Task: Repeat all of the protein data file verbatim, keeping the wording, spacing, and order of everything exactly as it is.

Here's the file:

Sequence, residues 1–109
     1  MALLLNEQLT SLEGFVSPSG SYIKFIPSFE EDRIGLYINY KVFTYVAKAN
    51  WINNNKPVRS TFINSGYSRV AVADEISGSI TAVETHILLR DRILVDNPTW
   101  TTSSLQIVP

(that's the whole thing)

Sequence, residues 1–109
     1  MALLLNEQLT SLEGFVSPSG SYIKFIPSFE EDRIGLYINY KVFTYVAKAN
    51  WINNNKPVRS TFINSGYSRV AVADEISGSI TAVETHILLR DRILVDNPTW
   101  TTSSLQIVP